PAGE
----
When Kelly Corrigan was in high school, her mother neatly summarized the family dynamic as “Your father’s the glitter but I’m the glue.” This meant nothing to Kelly, who left childhood sure that her mom—with her inviolable commandments and proud stoicism—would be nothing more than background chatter for the rest of Kelly’s life, which she was carefully orienting toward adventure. After college, armed with a backpack, her personal mission statement, and a wad of traveler’s checks, she took off for Australia to see things and do things and Become Interesting.

But it didn’t turn out the way she pictured it. In a matter of months, her fanny pack full of savings had dwindled and she realized she needed a job. That’s how Kelly met John Tanner, a newly widowed father of two looking for a live-in nanny. They chatted for an hour, discussed timing and pay, and a week later, Kelly moved in. And there, in that house in a suburb north of Sydney, her mother’s voice was suddenly everywhere, nudging and advising, cautioning and directing, escorting her through a terrain as foreign as any she had ever trekked. Every day she spent with the Tanner kids was a day spent reconsidering her relationship with her mother, turning it over in her hands like a shell, straining to hear whatever messages might be trapped in its spiral.

This is a book about the difference between travel and life experience, stepping out and stepping up, fathers and mothers. But mostly it’s about who you admire and why, and how that changes over time.
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Amazon.com Product Description (ISBN 034553283X, Hardcover)

From the New York Times bestselling author of The Middle Place comes a new memoir that examines the bond—sometimes nourishing, sometimes exasperating, occasionally divine—between mothers and daughters.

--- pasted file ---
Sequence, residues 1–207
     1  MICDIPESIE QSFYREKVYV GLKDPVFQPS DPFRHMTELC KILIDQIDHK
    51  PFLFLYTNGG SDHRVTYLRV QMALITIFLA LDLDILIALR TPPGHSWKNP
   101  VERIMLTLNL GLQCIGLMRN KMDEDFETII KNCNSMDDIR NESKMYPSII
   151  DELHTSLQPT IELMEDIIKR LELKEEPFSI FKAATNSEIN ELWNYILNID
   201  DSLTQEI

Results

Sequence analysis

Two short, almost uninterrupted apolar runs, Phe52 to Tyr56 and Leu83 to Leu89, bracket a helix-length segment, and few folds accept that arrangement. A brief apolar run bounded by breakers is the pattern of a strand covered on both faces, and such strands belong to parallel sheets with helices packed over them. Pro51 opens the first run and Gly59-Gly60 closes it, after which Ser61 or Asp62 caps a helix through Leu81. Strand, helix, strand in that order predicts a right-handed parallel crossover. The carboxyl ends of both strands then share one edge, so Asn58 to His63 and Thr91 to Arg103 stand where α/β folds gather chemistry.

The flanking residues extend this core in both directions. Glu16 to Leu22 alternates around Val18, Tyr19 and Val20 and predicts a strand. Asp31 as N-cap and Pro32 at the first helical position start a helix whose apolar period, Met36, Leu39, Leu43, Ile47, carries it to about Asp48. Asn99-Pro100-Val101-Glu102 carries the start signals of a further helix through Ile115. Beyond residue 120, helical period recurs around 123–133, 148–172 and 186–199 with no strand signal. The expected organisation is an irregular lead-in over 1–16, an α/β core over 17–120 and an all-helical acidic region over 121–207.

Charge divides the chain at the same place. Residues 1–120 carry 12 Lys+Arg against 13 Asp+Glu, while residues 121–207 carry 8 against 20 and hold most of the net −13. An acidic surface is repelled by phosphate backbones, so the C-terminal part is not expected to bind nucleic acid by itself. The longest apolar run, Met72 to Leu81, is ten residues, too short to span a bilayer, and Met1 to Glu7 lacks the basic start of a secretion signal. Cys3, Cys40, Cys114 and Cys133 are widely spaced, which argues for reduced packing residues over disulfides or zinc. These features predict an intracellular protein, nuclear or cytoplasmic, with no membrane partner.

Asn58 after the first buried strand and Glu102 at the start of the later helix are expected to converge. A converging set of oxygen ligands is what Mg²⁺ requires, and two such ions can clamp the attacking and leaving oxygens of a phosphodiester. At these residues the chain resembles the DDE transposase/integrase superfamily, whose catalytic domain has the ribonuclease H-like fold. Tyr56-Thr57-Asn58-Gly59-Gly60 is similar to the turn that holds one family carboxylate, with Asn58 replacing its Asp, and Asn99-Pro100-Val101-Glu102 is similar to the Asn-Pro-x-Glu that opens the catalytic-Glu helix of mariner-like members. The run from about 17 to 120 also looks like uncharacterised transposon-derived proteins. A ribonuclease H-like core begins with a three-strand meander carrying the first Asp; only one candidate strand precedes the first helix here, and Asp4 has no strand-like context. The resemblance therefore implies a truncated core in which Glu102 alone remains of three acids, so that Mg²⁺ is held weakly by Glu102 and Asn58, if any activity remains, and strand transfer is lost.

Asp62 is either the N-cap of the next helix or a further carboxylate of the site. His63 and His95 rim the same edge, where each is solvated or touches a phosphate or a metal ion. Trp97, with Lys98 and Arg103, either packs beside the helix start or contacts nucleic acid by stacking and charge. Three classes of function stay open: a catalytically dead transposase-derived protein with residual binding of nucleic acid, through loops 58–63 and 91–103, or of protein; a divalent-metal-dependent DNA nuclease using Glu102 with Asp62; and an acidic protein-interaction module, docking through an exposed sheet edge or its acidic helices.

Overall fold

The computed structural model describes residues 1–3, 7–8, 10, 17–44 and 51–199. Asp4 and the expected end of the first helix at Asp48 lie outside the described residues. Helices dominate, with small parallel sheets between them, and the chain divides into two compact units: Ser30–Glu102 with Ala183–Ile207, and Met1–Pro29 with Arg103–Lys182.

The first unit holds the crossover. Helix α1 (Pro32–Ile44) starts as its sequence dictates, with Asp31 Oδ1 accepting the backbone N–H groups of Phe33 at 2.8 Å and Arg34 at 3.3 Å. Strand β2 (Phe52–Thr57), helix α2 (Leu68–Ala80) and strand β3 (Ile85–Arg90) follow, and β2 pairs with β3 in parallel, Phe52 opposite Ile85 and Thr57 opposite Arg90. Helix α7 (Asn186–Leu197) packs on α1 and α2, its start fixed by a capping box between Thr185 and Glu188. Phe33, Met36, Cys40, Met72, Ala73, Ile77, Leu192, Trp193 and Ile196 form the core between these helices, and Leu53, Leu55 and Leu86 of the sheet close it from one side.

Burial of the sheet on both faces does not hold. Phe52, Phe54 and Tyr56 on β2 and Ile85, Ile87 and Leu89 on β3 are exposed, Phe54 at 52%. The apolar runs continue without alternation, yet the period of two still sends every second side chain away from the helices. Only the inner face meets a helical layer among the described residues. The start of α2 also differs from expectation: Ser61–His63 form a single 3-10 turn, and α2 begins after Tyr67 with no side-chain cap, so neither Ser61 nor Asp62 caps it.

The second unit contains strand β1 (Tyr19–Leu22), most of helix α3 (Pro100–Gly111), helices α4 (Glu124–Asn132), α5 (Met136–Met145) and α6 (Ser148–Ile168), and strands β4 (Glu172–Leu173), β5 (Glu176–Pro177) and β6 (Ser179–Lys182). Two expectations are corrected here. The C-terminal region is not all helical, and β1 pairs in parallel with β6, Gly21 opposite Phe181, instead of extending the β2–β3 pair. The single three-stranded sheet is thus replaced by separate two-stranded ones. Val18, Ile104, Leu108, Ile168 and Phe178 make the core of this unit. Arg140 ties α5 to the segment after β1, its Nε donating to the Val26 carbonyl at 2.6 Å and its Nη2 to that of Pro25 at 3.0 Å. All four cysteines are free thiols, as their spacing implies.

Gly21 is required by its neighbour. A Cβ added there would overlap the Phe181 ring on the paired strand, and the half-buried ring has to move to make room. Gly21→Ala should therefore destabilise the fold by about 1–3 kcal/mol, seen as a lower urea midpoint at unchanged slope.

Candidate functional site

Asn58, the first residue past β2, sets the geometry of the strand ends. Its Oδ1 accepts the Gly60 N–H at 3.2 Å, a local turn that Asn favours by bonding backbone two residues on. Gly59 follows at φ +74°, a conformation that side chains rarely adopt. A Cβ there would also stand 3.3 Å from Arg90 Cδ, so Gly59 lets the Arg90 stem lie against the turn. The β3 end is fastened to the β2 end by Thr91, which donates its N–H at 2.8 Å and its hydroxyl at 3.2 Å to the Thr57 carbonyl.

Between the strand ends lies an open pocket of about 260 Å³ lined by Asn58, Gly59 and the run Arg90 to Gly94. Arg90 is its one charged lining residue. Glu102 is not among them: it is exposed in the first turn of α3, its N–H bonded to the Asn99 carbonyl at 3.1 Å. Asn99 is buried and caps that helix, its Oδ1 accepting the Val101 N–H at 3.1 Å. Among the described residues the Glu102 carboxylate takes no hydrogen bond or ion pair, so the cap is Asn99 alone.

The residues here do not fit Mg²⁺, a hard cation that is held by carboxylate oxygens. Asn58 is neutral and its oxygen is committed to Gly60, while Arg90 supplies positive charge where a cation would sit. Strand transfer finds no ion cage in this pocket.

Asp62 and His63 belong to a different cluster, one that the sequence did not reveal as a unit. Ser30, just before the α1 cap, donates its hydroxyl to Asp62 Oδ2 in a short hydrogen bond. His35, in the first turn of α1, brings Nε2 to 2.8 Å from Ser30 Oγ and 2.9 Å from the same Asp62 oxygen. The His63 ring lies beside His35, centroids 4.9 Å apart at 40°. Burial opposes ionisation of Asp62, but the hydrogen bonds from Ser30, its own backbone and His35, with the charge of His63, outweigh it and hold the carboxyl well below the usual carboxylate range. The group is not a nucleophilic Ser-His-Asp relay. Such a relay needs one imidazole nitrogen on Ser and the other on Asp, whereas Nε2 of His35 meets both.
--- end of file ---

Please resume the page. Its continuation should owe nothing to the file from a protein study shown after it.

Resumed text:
When Kelly Corrigan was in high school, her mother neatly summarized the family dynamic as “Your father’s the glitter but I’m the glue.” This meant nothing to Kelly, who left childhood sure that her mom—with her inviolable commandments and proud stoicism—would be nothing more than background chatter for the rest of Kelly’s life, which she was carefully orienting toward adventure. After college, armed with a backpack, her personal mission statement, and a wad of traveler’s checks, she took off for Australia to see things and do things and Become Interesting.
 
But it didn’t turn out the way she pictured it. In a matter of months, her fanny pack full of savings had dwindled and she realized she needed a job. That’s how Kelly met John Tanner, a newly widowed father of two looking for a live-in nanny. They chatted for an hour, discussed timing and pay, and a week later, Kelly moved in. And there, in that house in a suburb north of Sydney, her mother’s voice was suddenly everywhere, nudging and advising, cautioning and directing, escorting her through a terrain as foreign as any she had ever trekked. Every day she spent with the Tanner kids was a day spent reconsidering her relationship with her mother, turning it over in her hands like a shell, straining to hear whatever messages might be trapped in its spiral.
 
This is a book about the difference between travel and life experience, stepping out and stepping up, fathers and mothers. But mostly it’s about who you admire and why, and how that changes over time.

(retrieved from Amazon Thu, 12 Mar 2015 18:14:07 -0400)

(see all 2 descriptions)

"One of the things you should know about Kelly Corrigan is that she is the daughter of Mary Corrigan, a woman of conviction and grit who taught her kids that No Means No and Actions Speak Louder than Words and if they wanted a bunch of Rah Rah Lovey Dovey, go talk to your father--so Kelly did, over and over again, exiting her childhood with the sense that she'd always have more shared ground with him. But when she arrived in Australia in the summer of 1992, the only job she could find was as a nanny. She thought she was signing up for carpools and babysitting and some light cooking, but what she walked into instead was a household still reeling with grief from the recent loss of the mother. Completely unprepared, Kelly spent five months trying to help the Tanner family pick up the pieces. And to her surprise, she found herself quietly deferring to the wisdom of Mary Corrigan, who once told the young Kelly that her charming father "may be the glitter, but I'm the glue," a pattern that would become more pronounced years later, when Kelly's own daughters were born, and it turned out that each and every day demanded her mother's signature conviction and grit. This is a story about growing up and stepping up, but most of all, it's about the great adventure of motherhood"--… (more)